FedBizOpps is Almost Gone

There’s a scene in 2016’s War Dogs where the Jonah Hill character explains to his employees that they are going to spend all day every day digging through one website. In the background, extras are seen staring in to the blue and yellow glow of FedBizOpps.gov.

“Oh my,” I exclaimed from my couch to no one in particular. “I use that website every day—it’s terrible.”

FedBizOpps, or FBO, for the uninitiated is the primary federal government website for searching contracting opportunities.

War Dogs got FBO right. It does require a team of non-speaking roles to get through. It’s not that FBO doesn’t work. It does. It returns results when you enter a search.

But its not intuitive. And the design is, quite frankly, intimidatingly text heavy. It is a wall of text and hyperlinks with a few clipart images here or there. And also, sometimes it doesn’t work. You can put in the exact solicitation number and come up with bupkis. It’s a terrible website.

Don’t take my word for it. Federal News Network’s Jason Miller has repeatedly called FBO the “worst website in government” and he doesn’t have to use it to find contracting opportunities. Just imagine how the people who rely on it for their livelihood like it.

That’s why it is good news that FBO only has about a month left to live. Starting on November 8, FBO is moving to a beta version of the new SAM.gov website.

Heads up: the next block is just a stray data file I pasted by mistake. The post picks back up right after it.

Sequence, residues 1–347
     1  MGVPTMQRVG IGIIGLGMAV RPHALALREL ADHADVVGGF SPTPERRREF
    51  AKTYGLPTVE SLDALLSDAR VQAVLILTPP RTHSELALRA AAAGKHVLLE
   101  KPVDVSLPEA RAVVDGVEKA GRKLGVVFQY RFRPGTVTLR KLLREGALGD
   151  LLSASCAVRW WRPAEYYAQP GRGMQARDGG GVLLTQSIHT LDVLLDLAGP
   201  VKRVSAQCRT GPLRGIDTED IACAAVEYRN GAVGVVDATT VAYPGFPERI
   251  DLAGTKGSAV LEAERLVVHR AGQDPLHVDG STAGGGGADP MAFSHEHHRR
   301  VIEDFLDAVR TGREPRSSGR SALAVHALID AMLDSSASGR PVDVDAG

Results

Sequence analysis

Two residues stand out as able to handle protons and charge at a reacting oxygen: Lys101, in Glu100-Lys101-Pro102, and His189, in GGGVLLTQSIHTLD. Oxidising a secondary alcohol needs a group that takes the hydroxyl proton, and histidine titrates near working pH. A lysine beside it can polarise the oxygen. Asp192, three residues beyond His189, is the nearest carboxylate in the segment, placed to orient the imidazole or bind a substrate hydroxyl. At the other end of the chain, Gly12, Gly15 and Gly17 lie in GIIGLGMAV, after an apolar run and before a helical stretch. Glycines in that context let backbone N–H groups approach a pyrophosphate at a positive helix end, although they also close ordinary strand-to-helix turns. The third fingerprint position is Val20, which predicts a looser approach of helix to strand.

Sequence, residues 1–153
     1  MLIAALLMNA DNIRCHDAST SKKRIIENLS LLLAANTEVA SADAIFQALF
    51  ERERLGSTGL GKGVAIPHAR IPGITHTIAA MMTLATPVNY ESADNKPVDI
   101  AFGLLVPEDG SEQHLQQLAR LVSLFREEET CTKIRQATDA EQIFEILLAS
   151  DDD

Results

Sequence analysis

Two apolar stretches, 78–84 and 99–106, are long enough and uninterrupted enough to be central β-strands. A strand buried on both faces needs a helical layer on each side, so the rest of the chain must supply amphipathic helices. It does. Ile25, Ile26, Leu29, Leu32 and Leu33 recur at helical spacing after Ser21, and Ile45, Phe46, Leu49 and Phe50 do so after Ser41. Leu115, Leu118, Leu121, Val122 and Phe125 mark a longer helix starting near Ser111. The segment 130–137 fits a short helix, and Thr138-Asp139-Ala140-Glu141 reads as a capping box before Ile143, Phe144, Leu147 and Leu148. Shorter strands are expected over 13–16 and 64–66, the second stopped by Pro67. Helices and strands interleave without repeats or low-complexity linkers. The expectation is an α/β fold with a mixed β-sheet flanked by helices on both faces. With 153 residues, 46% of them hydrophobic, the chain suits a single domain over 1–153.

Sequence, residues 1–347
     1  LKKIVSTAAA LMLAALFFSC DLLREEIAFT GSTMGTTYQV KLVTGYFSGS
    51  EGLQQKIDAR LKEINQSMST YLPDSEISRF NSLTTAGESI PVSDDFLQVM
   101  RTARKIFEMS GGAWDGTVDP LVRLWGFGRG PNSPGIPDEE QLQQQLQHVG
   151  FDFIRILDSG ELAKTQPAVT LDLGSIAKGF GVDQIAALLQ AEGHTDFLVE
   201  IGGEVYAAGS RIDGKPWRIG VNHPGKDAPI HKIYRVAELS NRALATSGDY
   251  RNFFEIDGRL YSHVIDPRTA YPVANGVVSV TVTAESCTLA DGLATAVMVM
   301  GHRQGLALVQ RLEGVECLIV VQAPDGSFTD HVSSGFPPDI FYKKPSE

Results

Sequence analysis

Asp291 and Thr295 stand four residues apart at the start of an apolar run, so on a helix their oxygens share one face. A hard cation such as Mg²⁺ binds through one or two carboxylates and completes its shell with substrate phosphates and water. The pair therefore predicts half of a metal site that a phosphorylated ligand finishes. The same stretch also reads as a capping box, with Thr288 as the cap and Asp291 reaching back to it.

SAM is short for System for Award Management. Until recently, SAM had been where contractors register and make certain representations such as whether they are small businesses or not. Soon, it will become a one-stop repository of all things federal contracting.

The new SAM will incorporate not only FBO, but also the Federal Procurement Data System, the Contractor Performance Assessment Reports System, and the Past Performance Information Retrieval System among other federal websites.

According to a GSA factsheet, the SAM version of FBO will still allow searching by solicitation number, keyword, or location, and let the user access previous versions more freely and do things like set up alerts. It will require a login.gov sign-in, but hopefully that will only be for certain parts of the site.

The beta version does look a lot cleaner. It’s dominated by a search bar with an easy to use drop-down menu that allows you to search “contract opportunities”—the new version of FBO.

I did a keyword search for “elevator” and came up with 662 results sorted by relevance. At the top was a presolicitation for a garage elevator at the Hampton, Virginia, VA Medical Center. To the left of the results were different ways to narrow down the results, including agency, NAICS code, and set-aside designation.

In short, it looks better, likely works better, and should be a vast improvement. And War Dogs was not that bad.

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